In the hours before a deadly shootout on the Navajo Nation, authorities say, the gunman hit his wife and mother with a pistol, taunted police by making a U-turn in front of a command station, and disabled a police vehicle that was chasing him.
The pursuit ended 40 miles away in a shootout that killed a Navajo Police Department officer and injured two others. The gunman also died.
The slain officer, Alex Yazzie, 42, had worked for the tribe’s Shiprock police district since 2012. Officers James Hale, 48, and Herbert Frazier, 41, also with the Shiprock district, were hospitalized and expected to survive, said Deswood Tome, chief of staff for Navajo President Ben Shelly.
The shootout occurred Thursday night near the Arizona-New Mexico border after 24-year-old Justin Fowler crashed his own vehicle, Tome said Friday.
Fowler then opened fire on officers, killing Yazzie and wounding Hale and Frazier, before he was killed by police, authorities said.
The incident highlights the danger that tribal officers can face when patrolling the huge reservation – sometimes alone. The tribe has a policy on domestic violence calls that requires two officers to respond.
Police were initially called by Fowler’s brother, who reported that Justin Fowler was assaulting family members and had fired a gun toward his mother at a home near Shiprock.
The first officer to reach the scene was immediately shot at and took cover.
“The suspect went on the offense and shot his AR-15,” Tome said.
Fowler then fled, and police had a full description of his silver Ford Flex when he pulled up to a police command center about six hours later and made a U-turn “as a taunt,” Tome said.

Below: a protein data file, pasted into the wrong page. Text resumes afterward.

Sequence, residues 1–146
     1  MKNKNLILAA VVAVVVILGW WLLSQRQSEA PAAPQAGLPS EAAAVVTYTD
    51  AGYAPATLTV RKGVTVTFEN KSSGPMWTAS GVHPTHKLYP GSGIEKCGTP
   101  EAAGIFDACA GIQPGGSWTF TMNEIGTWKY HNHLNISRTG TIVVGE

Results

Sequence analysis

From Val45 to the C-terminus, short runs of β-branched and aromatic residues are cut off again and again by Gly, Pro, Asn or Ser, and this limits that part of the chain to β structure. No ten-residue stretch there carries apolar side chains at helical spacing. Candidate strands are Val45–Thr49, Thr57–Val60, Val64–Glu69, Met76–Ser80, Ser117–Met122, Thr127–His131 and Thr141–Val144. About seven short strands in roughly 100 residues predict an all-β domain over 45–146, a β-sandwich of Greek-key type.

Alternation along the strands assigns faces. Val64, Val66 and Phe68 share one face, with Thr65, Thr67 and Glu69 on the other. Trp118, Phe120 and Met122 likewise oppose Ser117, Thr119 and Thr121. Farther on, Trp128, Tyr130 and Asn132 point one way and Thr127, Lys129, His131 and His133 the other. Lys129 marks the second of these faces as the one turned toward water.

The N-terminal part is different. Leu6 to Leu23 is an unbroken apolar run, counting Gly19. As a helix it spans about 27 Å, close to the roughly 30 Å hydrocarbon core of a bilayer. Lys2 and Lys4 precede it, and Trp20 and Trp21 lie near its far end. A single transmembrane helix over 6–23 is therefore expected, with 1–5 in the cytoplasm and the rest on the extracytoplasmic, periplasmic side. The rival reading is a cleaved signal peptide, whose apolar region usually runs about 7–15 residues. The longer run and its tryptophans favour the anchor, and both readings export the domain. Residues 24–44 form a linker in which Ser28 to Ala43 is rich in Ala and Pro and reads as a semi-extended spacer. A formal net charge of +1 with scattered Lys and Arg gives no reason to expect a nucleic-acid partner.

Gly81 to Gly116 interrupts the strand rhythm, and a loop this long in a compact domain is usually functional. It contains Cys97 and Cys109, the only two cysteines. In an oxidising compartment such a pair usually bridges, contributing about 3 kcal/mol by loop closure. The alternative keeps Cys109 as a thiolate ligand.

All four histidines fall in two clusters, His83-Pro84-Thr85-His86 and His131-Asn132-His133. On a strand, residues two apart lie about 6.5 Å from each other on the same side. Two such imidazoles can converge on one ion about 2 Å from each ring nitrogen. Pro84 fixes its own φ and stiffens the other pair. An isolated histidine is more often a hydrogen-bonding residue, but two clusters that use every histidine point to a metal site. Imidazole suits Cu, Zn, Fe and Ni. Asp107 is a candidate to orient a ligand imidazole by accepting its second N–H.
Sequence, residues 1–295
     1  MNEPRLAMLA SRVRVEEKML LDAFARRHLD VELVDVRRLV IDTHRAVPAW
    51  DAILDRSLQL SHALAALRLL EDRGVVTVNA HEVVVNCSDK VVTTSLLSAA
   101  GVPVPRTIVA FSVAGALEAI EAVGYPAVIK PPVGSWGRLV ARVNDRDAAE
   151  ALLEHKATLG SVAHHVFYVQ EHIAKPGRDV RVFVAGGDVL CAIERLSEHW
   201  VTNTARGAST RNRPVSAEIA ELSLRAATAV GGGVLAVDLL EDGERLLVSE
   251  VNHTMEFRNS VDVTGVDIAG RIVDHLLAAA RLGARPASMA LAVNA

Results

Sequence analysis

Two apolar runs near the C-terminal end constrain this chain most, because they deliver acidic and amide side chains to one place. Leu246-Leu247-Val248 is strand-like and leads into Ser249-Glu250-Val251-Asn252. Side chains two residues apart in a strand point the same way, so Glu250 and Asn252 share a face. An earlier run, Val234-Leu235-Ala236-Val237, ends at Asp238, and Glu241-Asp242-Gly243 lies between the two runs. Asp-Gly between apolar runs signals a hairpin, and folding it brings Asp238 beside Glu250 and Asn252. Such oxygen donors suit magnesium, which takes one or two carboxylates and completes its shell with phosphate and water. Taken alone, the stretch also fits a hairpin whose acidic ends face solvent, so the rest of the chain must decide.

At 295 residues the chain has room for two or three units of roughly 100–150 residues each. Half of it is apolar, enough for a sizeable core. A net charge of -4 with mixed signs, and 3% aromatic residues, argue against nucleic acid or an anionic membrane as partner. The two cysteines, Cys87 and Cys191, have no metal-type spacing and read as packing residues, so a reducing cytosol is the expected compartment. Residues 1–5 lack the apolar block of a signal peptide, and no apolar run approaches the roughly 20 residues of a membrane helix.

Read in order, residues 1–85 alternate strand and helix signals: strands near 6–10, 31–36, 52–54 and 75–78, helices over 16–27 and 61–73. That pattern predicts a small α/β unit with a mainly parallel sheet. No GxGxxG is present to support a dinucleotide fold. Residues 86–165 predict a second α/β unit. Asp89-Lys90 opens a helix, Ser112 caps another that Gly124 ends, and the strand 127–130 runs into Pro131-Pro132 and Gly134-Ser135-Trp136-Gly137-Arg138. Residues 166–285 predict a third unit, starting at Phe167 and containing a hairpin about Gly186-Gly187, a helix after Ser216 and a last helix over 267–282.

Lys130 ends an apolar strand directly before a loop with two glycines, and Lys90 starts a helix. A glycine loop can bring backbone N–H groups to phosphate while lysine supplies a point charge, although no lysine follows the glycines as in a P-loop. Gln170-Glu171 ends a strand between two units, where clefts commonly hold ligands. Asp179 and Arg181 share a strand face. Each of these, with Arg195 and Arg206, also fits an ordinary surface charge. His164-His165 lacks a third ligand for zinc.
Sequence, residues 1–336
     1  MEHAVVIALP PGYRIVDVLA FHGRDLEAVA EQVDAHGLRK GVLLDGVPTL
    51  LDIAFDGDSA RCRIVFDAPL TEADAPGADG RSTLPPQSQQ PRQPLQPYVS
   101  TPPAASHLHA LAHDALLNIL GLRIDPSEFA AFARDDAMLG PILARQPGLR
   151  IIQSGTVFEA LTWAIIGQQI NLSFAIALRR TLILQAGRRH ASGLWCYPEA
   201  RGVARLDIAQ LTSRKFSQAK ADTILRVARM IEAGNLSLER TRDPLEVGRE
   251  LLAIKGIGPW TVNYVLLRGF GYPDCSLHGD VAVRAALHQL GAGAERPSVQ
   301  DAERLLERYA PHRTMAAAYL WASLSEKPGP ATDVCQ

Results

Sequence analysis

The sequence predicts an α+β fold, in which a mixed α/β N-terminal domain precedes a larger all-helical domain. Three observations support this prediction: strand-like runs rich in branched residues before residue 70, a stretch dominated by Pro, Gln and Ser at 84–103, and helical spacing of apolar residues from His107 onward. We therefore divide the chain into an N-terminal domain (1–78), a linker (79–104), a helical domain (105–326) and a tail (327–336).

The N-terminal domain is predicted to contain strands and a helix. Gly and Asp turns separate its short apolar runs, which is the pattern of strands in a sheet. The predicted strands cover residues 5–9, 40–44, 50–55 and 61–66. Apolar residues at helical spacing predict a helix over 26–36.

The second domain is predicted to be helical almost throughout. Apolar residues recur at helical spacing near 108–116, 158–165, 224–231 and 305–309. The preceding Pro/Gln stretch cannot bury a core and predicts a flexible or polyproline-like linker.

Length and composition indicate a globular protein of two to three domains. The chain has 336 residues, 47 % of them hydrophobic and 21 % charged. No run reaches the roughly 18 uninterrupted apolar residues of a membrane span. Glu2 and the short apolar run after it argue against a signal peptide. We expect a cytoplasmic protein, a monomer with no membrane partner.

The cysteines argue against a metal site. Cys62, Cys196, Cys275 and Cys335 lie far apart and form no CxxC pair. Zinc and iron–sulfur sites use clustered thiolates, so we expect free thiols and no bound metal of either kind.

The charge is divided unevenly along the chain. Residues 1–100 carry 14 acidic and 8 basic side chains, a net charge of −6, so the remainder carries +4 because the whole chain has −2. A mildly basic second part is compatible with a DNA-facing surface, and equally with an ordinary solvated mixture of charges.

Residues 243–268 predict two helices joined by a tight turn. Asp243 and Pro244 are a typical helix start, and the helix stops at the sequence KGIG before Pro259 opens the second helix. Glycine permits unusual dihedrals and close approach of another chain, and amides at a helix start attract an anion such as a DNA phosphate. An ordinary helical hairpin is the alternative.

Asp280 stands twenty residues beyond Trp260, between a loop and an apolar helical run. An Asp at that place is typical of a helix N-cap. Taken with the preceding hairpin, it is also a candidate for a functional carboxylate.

Officers were called in from around the reservation to pursue Fowler. At one point, he pulled off to the side of a road and fired at a police lieutenant’s vehicle, stopping it in its tracks, Tome said. Fowler then drove another 11 miles, crossing the New Mexico border into Arizona before he crashed in Red Valley and began shooting at police, Tome said.
The Associated Press called a phone number listed for Fowler’s mother, Cecelia Begay, but it went unanswered Friday. Begay told the Farmington Daily Times, “We’re sorry for the loss of their loved one.”
News of the deaths and injuries prompted prayers from a number of officials, as well as on social media.
“We send our condolences to the family of the Navajo police officer who gave his life in the line of duty,” President Shelly said in a statement.
Arizona Gov. Doug Ducey ordered that flags at all state buildings be lowered today to honor Yazzie. Shelly ordered all Navajo Nation flags flown at half-staff on the vast reservation until sunset Monday.
U.S. Attorney for the District of New Mexico Damon Martinez called Yazzie “a dedicated law enforcement officer and a courageous public servant.”
“His loss is a tragic reminder that the work of our law enforcement officers is profoundly heroic and deserving of our most emphatic support,” Martinez said in a statement. “The thoughts and prayers of the law enforcement community will be with officer Yazzie’s family and loved ones throughout this difficult time.”
The FBI sent investigators to process the crime scene and talk with family members and witnesses.
In all, 30 of the Navajo Nation’s 234 commissioned peace officers responded Thursday from five police districts across the reservation. Police on the reservation get roughly 250,000 calls a year for service, with alcohol and domestic violence factoring into many crimes.
In October, Officer Joseph Gregg was seriously wounded in the face by a shotgun blast after responding to a domestic violence call in Kaibeto. Raymond Herder was indicted on charges of assault with intent to commit murder and discharging a firearm during a violent crime. He’s set to go on trial in June.
Three years earlier in the same town, Navajo Officer Sgt. Darrell Curley was shot and killed while responding to a domestic dispute. Curley, who showed up to back up another officer at a home where two brothers were fighting, was killed by the brothers’ father, who was upset that Curley was arresting them, according to court documents.
The officer’s wife, Pauline Curley, said Friday that her husband always was concerned about Navajo Nation officers responding alone.
“I know it is ongoing and then when it’s addressed to the high commanders, it always falls back down to funding,” she said. “It’s just a lack of manpower.”